A little over six years after the fact, it's striking to revisit Tilda Swinton's reaction to winning the Best Supporting Actress Oscar for "Michael Clayton." At the time, fans were jubilant and the audience was amused by her blunt "Oh, no" reaction and on-stage decision to give the statue to her agent. Watching the clip today there is a look of almost sheer horror on her face as her name is read and as she walks to the stage. This wasn't something Swinton strived for. She's an artist. Winning Oscars wasn't part of the plan if there ever was one. In the years since, however, Swinton has clearly found a way to balance her artistic interests with films that can find some legs in the global Hollywood movie-making machine.

It hasn't been easy, though. She segued from David Fincher's "The Curious Case of Benjamin Button" to Jim Jarmusch's avant-garde exercise "The Limits of Control" to what should have been an Oscar-worthy performance in the Italian film "I Am Love."  She continued on a dark streak with "We Need To Talk About Kevin," but then Wes Anderson gave her a scene-stealing cameo in "Moonrise Kingdom." That must have set something in motion, because Jarmusch went as commercial as Jarmusch can by pairing her with Tom Hiddleston in "Only Lovers Left Alive."  Then came "Snowpiercer" (more on that later) and another great turn in Anderson's smash "The Grand Budapest Hotel." The latter three have all hit theaters in 2014 and given Swinton fans more of their icon than they could ever dream of. What's most remarkable about them, however, is that not only is Swinton at the top of her game, but she also seems to be enjoying the process more than ever.

"I have always had fun, to be honest," Swinton says in the video interview above. "I am having a lot right now, having fun in kind of really quick shots. I have always had fun."

That may be the case, but her performance as Mason in "Snowpiercer" is a textbook example of Swinton at her best. A political stooge for the owner of a non-stop train carrying the last living people on Earth, Mason is, in Swinton's words, "a complete smash cut of all the monstrous, maniacal, political clowns" you've ever heard of.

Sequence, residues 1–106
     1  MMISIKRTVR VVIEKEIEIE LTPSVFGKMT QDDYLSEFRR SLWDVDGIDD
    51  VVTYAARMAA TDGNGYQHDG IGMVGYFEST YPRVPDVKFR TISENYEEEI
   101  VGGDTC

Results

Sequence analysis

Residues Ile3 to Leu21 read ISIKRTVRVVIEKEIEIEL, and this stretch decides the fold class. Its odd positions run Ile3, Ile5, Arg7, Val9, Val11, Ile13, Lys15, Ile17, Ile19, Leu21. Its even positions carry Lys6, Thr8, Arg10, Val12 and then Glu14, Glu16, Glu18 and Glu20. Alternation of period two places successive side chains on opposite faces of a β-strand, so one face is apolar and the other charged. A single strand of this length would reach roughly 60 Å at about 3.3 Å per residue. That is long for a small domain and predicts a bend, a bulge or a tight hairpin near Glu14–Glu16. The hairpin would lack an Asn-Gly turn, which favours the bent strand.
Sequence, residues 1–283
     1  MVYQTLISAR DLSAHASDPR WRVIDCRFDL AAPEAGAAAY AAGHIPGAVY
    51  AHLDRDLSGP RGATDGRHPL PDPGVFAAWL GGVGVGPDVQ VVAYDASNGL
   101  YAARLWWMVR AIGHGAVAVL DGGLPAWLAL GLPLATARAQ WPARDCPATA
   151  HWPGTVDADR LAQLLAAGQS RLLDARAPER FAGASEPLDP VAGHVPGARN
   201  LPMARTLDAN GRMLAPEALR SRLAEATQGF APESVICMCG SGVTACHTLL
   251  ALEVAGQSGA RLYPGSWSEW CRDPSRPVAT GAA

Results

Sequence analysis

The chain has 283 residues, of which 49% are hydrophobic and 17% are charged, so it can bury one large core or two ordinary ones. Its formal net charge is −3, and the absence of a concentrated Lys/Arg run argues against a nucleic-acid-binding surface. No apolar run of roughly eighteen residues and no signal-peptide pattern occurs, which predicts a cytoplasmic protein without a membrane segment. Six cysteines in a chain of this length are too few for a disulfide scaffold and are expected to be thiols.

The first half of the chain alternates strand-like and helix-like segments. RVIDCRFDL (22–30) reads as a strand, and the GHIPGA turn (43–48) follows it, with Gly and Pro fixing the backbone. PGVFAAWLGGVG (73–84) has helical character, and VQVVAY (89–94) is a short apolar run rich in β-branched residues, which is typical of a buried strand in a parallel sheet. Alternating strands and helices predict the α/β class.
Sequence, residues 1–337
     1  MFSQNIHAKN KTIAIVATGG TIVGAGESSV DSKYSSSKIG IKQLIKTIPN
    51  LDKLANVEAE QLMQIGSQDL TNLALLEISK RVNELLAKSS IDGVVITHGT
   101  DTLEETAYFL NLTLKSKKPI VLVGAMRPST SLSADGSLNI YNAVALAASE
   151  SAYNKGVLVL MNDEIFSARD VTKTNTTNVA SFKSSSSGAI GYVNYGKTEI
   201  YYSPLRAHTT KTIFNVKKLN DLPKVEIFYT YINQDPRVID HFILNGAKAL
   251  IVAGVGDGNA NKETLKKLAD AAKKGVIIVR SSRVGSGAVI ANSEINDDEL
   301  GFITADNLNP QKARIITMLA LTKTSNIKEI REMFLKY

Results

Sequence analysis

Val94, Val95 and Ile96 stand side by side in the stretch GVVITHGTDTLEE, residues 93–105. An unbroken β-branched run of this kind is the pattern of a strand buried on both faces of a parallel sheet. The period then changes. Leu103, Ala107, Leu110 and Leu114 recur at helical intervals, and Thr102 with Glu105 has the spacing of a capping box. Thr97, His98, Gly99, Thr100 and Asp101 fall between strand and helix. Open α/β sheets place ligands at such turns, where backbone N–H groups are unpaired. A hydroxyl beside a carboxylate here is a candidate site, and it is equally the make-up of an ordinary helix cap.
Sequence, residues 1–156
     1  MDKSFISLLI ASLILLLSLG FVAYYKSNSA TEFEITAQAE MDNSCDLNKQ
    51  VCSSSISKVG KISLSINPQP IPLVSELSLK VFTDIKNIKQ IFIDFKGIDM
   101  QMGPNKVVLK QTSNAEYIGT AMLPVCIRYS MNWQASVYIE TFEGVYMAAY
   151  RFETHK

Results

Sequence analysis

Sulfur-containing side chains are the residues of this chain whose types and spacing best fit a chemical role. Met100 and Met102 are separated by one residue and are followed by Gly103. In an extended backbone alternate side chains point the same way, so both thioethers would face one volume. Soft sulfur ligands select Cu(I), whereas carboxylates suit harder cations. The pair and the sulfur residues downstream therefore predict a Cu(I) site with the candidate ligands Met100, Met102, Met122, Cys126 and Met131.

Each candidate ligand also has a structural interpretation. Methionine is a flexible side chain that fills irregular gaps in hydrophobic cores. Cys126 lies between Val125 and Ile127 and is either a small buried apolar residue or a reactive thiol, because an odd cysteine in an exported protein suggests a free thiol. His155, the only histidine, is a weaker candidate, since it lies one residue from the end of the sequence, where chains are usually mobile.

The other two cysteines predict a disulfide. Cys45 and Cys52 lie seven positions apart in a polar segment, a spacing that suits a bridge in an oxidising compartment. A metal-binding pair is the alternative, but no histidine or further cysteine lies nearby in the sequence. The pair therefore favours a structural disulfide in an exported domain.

"Everyone from Hitler to Mussolini to Berlusconi to Gaddafi and on and on and on into the present day," Swinton says of the political figures that inspired her. "That kind of crazy, totally-lost-the-plot, 'I'm a clown but no one is going to tell me I am' [type of leader]. Ghadafi making his own medals and pinning photographs on himself and dying his hair. People putting on their wigs and not really bothering if they are on properly. That whole feeling of being a construct, which I think does happen."

Swinton says she and director Bong Joon-ho ("Mother") came up with that frazzled look and disposition in just 20 minutes (while she was heating up a pie, no less). She jokes that the Korean filmmaker would nod his approval of her work on set by referring to it as: "Cute. Mason cute."

"Snowpiercer" was shot almost two years ago and became a blockbuster in the director's native South Korea last summer. It's taken nine months for the flick to hit American shores, but after "Only Lovers" and "Grand Budapest," the timing now seems almost perfect, and the run of buzzworthy roles has put Swinton in the center of the action once again. She's currently filming Judd Apatow's "Trainwreck" starring and written by rising star Amy Schumer. Details on the movie are being kept under wraps and Swinton won't spoil the fun.  

"Not a thing except that it's Amy Schumer and that's all I want to say," Swinton says. "Amy Schumer, Amy Schumer, Amy Schumer!"

(And yes, Ms. Schumer, when Swinton is one of your biggest fans, you know you've made it.)

It was also just revealed that Swinton will reunite with old friends Clooney ("Clayton"), Fiennes ("Grand Budapest") and the Coens ("Burn After Reading") in the new comedy "Hail, Caesar!"  And get this: she'll be playing an old school Hollywood gossip columnist. Seriously, does anyone doubt that she'll knock that out of the park? Moreover, that means two major releases in two highly anticipated projects from Swinton in 2015.

Sometimes the movie gods are good to us, aren't they?

You can watch our complete video interview with Swinton embedded at the top of this post.

Tilda Swinton can still be seen in "The Grand Budapest Hotel" and "Only Lovers Left Alive" in limited release. "Snowpiercer" opens in limited release on Friday.

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Update: An earlier version of this article noted that Swinton had a negative experience on 'Benjamin Button.'  She reached out to HitFix to state that was incorrect and that she had in fact greatly enjoyed every part of the shoot that she was involved in.